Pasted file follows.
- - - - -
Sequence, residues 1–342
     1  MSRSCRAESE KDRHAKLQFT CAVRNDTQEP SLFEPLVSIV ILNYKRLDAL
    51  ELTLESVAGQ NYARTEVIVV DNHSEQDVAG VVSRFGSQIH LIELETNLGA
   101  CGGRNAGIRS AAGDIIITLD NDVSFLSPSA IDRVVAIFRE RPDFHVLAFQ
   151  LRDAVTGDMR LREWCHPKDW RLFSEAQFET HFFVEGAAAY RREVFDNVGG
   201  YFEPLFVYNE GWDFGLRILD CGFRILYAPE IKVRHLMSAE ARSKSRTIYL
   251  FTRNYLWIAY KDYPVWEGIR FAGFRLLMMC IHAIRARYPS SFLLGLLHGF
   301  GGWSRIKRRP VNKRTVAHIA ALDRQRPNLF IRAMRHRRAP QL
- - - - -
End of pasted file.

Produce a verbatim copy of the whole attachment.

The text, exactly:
Sequence, residues 1–342
     1  MSRSCRAESE KDRHAKLQFT CAVRNDTQEP SLFEPLVSIV ILNYKRLDAL
    51  ELTLESVAGQ NYARTEVIVV DNHSEQDVAG VVSRFGSQIH LIELETNLGA
   101  CGGRNAGIRS AAGDIIITLD NDVSFLSPSA IDRVVAIFRE RPDFHVLAFQ
   151  LRDAVTGDMR LREWCHPKDW RLFSEAQFET HFFVEGAAAY RREVFDNVGG
   201  YFEPLFVYNE GWDFGLRILD CGFRILYAPE IKVRHLMSAE ARSKSRTIYL
   251  FTRNYLWIAY KDYPVWEGIR FAGFRLLMMC IHAIRARYPS SFLLGLLHGF
   301  GGWSRIKRRP VNKRTVAHIA ALDRQRPNLF IRAMRHRRAP QL